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Entity Action

The Entity Action action performs an action on an entity (who knew?).

Two Entity actions

When a entity is selected, the action menu is updated to reflect the list of actions defined by the capabilities associated with the select entity.


Not every action may be implemented by every entity that supports a particular capability. It's up to you to experiment and figure out if your desired action works as expected. Reactor tries not to over-constrain the UI, as this often results in meaningful actions being inaccessible. I'd rather give you the tools you need to figure out what works than cut you off from what you want to do.

Selecting an action

Once the action is selected, Reactor will display fields for the required parameters for the action, if any. Some actions have fairly "open" parameter declarations, and you're going to need to know what values can be accepted there. Some have more constrained definitions, maybe even down to a short list of acceptable values, in which case a menu is displayed rather than an input field. If error-checking is possible based on the field definition, it will be performed when you leave the field, and if an error is detected, the field will be highlighted in red. A yellow highlight indicates that the field value may not be acceptable, but Reactor doesn't know for sure.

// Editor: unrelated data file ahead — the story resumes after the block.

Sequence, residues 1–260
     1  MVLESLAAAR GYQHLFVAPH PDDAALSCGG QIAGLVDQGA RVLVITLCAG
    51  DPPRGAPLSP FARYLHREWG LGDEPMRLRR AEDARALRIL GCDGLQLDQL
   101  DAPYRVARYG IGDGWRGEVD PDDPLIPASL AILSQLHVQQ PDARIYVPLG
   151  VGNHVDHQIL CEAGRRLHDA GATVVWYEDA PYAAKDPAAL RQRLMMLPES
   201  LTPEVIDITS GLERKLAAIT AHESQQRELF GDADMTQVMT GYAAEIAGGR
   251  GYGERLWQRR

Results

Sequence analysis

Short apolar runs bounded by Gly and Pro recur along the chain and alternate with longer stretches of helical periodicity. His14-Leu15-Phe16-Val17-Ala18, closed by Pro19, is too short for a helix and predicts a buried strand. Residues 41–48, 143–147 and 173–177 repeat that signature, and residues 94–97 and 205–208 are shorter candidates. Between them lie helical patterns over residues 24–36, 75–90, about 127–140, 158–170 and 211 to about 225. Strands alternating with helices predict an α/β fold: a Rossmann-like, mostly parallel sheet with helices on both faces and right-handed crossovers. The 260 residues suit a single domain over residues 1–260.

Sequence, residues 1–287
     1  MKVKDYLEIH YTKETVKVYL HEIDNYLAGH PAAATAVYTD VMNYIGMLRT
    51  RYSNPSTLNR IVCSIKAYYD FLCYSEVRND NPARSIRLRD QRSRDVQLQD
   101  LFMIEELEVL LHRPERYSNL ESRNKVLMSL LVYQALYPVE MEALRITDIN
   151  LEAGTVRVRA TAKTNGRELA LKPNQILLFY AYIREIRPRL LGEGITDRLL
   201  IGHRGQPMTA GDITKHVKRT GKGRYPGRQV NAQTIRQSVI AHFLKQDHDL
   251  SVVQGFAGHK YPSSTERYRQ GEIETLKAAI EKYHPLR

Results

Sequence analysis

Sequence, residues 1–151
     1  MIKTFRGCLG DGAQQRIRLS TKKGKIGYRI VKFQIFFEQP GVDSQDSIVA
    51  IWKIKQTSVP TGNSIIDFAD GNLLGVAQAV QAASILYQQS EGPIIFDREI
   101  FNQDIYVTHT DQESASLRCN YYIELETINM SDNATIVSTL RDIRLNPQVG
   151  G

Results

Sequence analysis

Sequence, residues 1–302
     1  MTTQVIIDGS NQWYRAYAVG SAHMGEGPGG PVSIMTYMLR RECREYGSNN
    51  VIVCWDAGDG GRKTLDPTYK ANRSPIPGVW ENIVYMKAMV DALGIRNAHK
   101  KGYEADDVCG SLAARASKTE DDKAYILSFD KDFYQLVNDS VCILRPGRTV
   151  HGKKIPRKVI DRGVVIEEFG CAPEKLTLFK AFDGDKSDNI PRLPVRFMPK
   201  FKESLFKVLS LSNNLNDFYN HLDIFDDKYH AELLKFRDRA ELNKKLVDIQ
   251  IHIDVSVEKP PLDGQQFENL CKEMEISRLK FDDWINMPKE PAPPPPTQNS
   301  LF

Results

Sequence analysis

Setting a Entity Action parameter

The example above shows a "data list" control, which is fairly common in the action editor. It is a field that allows you to type in a value, or choose a predefined value from a list of expected/standard values. Because service definitions for entitys are often not exhaustive, and there are many exceptions for values that these definitions don't provide, the data list control gives you the flexibility to choose a standard value, or enter your own if your entity has a non-standard behavior.


The implementation behavior and appearance of "data list" controls varies from browser to browser. Chrome/Windows is shown in these screen shots; yours may look different. On some browsers, the pop-up list of values is only presented when the field is otherwise empty, so you may need to remove a prior value to have access to the pop-up list again.

The data list also presents a list of defined expression/variable names from the current ReactorSensor, which you can select to use the then-current value of that expression in the action's parameter. For parameters that just use a plain input field instead of a data list, you can specify an expression value by wrapping the expression/variable name like this: ${{ brightness }} (the whitespace inside doesn't matter; it's just added for clarity).


Again, if you run into a field in an action for a entity where Reactor can do better error-checking on the possible values, please report that to me and submit the entity data on the "Tools" menu.

Trying Your Entity Action

You can quickly test your entity action by clicking the "running man" icon on the action row. An alert will pop up with the result of the run. Unfortunately, it's just a fact of the way Vera works that not every action that fails will be reported as a failed action. That is, Vera will report the action succeeds, even when it doesn't actually work. You're just going to have to observe your system to see if you get the expected behavior. The real purpose of the alert is to show you the action call and the parameters that were passed, so you can verify that they are correct, in addition to observing the expected behavior of the controlled entity.

Updated: 2021-Mar-08